Apple CEO Tim Cook is expected to show off new iPhone software and updated Mac computers and provide more details on future releases of Mac software when he kicks off the company's annual conference for software developers Monday.
The announcement of new software for the iPhone, iPad and iPod Touch has been confirmed by banners that appeared at the conference center in San Francisco on Friday, reading "iOS 6." It's not much of a surprise. Apple has used its Worldwide Developers Conference as an opportunity to announce new iPhone software for the past few years.
What's not known is what new features will come with iOS 6, or when it will be released to consumers. Usually, the new software becomes available for download around the time a new iPhone model appears. Apple-watchers expect the next version of the iPhone, the iPhone 5, to appear this fall, about a year after the launch of the 4S model.
In 2010, Apple demonstrated the new iPhone 4 at the WWDC, but analysts don't expect the company to show off a phone model this year.
With the launch of iOS 5 last year, Apple added many features already found in competing smartphone software. It also added the "Siri" virtual assistant feature, which interprets voice commands and talks back to the user.
This year, there are fewer "catch up" features to add, so Apple watchers expect more modest improvements. Some speculate that Facebook could become more tightly integrated, in much the same way that Apple baked Twitter functions into its software last year. That could make it easier to post Facebook status updates from within Apple's apps.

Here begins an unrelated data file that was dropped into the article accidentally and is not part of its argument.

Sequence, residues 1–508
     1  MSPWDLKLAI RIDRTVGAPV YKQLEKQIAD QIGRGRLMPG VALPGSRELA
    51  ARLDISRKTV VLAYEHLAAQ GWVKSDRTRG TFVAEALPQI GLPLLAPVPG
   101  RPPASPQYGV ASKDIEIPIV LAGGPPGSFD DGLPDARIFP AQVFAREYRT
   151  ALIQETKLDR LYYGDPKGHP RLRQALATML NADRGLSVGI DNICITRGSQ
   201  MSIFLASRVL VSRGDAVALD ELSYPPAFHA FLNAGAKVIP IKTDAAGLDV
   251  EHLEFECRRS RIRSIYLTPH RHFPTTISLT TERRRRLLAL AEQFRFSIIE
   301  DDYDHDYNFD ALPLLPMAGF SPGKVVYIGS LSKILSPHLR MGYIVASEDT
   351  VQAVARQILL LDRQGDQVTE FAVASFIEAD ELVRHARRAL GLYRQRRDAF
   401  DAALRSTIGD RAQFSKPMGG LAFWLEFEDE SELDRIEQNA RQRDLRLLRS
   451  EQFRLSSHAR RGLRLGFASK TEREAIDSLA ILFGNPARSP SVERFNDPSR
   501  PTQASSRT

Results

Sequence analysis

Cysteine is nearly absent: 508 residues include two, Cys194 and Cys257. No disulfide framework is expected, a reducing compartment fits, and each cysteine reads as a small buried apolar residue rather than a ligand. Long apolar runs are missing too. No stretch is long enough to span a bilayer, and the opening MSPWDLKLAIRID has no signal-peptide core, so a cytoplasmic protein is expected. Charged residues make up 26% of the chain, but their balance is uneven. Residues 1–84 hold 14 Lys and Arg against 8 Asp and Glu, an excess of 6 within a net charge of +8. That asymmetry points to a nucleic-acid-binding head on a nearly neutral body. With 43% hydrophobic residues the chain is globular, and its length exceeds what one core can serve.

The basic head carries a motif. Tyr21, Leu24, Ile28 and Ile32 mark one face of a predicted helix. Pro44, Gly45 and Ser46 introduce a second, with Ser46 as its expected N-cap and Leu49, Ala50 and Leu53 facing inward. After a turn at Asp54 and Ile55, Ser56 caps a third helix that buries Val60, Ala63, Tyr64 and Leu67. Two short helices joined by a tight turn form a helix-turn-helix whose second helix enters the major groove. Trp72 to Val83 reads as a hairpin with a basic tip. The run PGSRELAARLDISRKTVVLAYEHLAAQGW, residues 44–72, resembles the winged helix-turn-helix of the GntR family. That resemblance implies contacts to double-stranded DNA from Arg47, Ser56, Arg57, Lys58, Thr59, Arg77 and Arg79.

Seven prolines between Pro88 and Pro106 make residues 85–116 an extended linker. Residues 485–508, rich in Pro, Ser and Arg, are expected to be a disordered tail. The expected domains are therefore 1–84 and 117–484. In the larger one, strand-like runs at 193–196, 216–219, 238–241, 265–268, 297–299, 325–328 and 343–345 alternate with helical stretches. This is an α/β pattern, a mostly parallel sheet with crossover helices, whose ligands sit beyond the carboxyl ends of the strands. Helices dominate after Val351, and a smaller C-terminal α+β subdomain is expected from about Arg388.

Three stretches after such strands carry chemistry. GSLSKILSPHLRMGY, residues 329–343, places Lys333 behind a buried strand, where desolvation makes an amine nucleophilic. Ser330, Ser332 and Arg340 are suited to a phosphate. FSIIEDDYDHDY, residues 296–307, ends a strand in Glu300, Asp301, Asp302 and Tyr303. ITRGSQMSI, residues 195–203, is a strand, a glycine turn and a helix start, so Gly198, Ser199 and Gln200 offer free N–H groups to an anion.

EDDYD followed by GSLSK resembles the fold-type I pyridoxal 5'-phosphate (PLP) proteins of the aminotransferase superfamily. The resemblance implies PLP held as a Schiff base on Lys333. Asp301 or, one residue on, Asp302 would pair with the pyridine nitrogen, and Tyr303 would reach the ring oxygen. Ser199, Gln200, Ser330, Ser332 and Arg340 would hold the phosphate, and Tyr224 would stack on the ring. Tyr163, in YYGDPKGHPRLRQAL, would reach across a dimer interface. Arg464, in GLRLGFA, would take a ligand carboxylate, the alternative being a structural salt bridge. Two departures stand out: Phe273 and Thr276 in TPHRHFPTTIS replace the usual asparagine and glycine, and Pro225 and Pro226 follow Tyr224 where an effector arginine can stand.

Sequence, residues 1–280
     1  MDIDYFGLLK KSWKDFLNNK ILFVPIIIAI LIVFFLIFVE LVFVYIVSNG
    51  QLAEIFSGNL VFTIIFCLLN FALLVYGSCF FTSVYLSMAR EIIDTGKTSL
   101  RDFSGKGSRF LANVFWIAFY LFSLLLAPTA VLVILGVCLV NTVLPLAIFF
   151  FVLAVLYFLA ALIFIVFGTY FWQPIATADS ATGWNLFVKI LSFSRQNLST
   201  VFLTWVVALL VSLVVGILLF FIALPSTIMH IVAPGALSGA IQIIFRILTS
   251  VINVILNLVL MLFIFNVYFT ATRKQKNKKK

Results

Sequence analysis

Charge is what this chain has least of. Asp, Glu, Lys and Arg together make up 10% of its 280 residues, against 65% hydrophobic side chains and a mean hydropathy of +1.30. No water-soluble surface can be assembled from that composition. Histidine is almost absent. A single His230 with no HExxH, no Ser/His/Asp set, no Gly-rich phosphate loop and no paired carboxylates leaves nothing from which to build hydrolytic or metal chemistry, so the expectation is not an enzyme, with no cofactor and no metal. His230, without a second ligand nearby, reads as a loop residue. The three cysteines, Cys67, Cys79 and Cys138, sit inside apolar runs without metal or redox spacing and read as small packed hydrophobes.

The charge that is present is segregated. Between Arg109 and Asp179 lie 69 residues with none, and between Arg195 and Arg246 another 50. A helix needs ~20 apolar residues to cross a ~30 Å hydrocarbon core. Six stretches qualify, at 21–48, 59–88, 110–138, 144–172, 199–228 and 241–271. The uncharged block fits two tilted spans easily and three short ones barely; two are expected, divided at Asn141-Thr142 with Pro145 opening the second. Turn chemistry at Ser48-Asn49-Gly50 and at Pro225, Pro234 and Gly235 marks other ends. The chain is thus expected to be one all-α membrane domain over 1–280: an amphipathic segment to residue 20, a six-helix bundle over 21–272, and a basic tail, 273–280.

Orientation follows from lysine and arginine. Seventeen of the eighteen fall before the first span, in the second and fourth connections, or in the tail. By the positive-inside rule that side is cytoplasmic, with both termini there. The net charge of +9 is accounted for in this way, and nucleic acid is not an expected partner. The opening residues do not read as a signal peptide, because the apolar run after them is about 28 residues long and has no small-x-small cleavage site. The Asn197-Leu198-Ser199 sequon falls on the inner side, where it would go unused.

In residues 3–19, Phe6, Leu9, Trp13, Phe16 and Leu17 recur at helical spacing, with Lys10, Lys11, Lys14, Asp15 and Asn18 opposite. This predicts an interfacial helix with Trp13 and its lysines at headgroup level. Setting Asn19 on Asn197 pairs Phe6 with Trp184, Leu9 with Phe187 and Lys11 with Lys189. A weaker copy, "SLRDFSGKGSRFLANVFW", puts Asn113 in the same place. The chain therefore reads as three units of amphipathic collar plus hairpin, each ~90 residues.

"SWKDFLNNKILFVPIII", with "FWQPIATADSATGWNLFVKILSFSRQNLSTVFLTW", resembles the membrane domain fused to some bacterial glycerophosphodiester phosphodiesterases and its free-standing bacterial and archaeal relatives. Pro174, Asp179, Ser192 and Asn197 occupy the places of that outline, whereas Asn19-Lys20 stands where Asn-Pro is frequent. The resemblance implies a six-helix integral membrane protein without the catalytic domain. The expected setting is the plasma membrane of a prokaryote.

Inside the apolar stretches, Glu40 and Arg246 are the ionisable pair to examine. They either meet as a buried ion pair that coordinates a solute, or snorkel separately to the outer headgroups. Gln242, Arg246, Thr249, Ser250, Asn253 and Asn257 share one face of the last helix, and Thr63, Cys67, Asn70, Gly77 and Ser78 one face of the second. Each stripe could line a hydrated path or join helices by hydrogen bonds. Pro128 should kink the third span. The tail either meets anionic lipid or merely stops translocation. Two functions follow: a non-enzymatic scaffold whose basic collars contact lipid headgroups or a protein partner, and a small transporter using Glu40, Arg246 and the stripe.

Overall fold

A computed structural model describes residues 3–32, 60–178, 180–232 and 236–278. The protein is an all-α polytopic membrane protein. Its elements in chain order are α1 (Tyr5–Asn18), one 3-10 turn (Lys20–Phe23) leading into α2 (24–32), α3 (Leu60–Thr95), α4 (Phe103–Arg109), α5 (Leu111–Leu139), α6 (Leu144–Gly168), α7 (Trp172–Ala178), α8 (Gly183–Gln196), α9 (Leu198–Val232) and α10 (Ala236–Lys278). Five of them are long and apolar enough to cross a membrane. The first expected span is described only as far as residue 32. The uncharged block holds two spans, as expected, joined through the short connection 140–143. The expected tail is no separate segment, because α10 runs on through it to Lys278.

On the Mac software side, there are fewer unknowns. Apple already demonstrated most of the features of OS X 10.8 "Mountain Lion" in February and said it will go on sale late this summer. Developers are already able to download a version of the software. It narrows the gap between the PC and phone software packages, making Mac personal computers work more like iPhones.
Cook is also expected to announce new Mac models. Intel Corp. has just updated its processor line with faster, less power-hungry chips, and most of Apple's Mac lines haven't had a major update in a year.
The biggest mystery surrounds Apple's ambitions in television-making. Late company founder Steve Jobs told biographer Walter Isaacson that he wanted to remake the TV. Apple does sell an "Apple TV," but it's small box that connects to a TV to display movies from iTunes. There's much speculation that Apple plans to make a full-blown TV set, integrated with iTunes.
Few company watchers expect Apple to reveal such a set at WWDC, but there's broad speculation that it could make a minor step toward Jobs' goal by releasing updated software for the Apple TV, expanding on its relatively limited functions.